Not so with certified airplanes. Add an electrical system to one, and you must obtain a SUPPLEMENTAL Type Certificate (STC). Again, Type Certificate, not airworthiness.

    So I think the argument can be made that ALL homebuilts are excluded from the transponder and ADS-B requirements in the Veil airspace, on the basis them "not being certified with an engine-driven electrical system." Still required to actually enter Class B and C, of course.

    Finally, then, we get to the delicate issue of proof. What evidence do I have that my airplane had an electrical system when it received its original Airworthiness Certificate? None. There's nothing in the logbooks about it. Sure, there are mentions later when various maintenance work is logged regarding the generator, regulator, and battery. But the airplane records do not show that the bird was "subsequently certified with such a system."

    My airplane is worth about $8,000. It's irritating as hell that I have to spend between a quarter and a half the value of my airplane because some pilots can't be bothered to look for traffic outside the airplane.

    Ron Wanttaja
     
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  8. Apr 9, 2019 #8

    BJC

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    Overheard in the FAA ADS-B planning office.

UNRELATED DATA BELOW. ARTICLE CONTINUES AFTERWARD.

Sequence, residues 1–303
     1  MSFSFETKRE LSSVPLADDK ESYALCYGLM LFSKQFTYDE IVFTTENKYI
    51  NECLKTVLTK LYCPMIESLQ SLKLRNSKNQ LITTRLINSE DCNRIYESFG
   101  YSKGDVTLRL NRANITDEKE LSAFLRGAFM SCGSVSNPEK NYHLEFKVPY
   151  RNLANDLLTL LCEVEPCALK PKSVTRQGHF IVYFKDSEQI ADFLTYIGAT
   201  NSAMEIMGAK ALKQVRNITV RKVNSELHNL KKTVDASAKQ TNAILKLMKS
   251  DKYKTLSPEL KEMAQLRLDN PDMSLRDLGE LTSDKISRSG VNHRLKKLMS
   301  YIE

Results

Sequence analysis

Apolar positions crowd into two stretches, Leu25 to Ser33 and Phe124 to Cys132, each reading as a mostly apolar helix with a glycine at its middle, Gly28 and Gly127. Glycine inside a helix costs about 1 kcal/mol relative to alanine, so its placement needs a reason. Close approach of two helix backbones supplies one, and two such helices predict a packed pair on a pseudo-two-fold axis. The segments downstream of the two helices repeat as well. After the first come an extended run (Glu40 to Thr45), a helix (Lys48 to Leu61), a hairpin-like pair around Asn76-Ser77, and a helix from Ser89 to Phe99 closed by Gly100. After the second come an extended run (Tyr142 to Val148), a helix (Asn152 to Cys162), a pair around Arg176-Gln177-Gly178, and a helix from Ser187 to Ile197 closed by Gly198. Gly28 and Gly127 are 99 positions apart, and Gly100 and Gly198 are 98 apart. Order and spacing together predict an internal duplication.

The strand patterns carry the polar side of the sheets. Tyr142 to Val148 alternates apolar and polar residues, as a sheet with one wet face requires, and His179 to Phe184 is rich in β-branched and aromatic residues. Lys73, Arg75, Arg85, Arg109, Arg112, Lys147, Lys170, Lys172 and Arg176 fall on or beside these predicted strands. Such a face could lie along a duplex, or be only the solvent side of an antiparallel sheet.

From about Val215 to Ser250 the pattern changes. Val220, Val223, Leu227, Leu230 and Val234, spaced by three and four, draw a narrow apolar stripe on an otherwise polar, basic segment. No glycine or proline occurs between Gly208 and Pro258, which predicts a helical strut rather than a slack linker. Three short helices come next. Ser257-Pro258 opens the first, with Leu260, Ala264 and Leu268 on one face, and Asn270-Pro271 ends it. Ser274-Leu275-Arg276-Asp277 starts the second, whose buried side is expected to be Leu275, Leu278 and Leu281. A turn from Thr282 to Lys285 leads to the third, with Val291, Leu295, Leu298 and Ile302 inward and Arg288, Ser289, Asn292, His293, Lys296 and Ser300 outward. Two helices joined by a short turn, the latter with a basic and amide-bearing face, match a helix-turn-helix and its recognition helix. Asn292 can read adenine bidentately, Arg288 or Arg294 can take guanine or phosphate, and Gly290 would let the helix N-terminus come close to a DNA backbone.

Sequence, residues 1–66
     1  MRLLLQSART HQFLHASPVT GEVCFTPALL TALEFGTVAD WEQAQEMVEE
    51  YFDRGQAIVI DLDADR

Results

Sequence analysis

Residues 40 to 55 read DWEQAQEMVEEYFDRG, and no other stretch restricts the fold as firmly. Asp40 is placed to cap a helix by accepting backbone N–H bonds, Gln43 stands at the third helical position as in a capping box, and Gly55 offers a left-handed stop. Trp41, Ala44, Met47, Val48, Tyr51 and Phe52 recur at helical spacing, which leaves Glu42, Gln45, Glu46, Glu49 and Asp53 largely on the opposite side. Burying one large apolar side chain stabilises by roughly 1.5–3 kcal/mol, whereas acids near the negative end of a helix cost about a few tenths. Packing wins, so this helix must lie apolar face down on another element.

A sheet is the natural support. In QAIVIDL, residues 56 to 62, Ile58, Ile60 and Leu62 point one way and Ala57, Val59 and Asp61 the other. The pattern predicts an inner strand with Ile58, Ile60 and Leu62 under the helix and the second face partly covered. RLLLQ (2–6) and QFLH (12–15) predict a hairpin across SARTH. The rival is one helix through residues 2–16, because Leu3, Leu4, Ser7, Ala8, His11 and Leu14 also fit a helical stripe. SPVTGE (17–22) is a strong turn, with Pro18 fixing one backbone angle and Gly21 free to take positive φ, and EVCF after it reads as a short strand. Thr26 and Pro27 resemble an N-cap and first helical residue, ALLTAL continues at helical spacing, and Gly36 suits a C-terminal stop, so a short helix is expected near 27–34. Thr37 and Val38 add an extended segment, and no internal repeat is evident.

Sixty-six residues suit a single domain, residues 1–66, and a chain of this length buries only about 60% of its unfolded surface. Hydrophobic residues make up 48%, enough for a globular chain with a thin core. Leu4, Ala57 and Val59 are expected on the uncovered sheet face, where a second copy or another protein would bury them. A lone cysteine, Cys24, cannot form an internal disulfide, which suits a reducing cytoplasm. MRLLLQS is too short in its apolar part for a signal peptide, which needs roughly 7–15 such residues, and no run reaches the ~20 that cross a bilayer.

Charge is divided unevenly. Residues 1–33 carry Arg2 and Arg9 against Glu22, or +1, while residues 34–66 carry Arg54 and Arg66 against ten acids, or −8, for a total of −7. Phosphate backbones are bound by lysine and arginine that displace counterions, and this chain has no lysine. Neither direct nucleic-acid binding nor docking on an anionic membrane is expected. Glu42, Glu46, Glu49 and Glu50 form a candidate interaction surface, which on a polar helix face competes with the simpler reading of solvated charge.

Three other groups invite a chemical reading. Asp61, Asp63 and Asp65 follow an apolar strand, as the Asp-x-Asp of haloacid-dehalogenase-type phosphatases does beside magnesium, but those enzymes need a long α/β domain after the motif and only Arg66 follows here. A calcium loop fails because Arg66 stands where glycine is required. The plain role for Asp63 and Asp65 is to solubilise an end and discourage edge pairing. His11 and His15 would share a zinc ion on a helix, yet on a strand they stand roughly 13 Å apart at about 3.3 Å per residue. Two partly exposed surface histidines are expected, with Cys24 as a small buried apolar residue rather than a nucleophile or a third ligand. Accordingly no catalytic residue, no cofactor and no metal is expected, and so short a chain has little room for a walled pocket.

FAA1, “What are we going to do about all those little old airplanes that don’t even have transponders.”

    FAA2, “Well, if they don’t have an electrical system, we’ll exempt them.”

    FAA1, “So what is the definition of an electrical system?”

    FAA2, “Isn’t it obvious? The engine drives a generator to make electricity.”

    FAA1, “Sounds reasonable enough. Let’s go with it.”

    And so the regulation was written.


    BJC
     
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  9. Apr 9, 2019 #9

    bmcj

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    Let me add a new twist to this. Does ‘engine’ mean that which directly generates thrust for flight? If so, what if you had an engine with no generator, but carried a small internal engine (not connected to the thrust line) that was used solely to generate electricity?

    Yes, I know it is not a very realistic scenario, but it potentially could be if someone were to build an electric powered plane with an internal IC sustainer (power generator) engine.

    By the way, I don’t need an answer... I only asked this to confuse the matter more (the devil made me do it). ;)
     
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  10. Apr 9, 2019 #10

    Wanttaja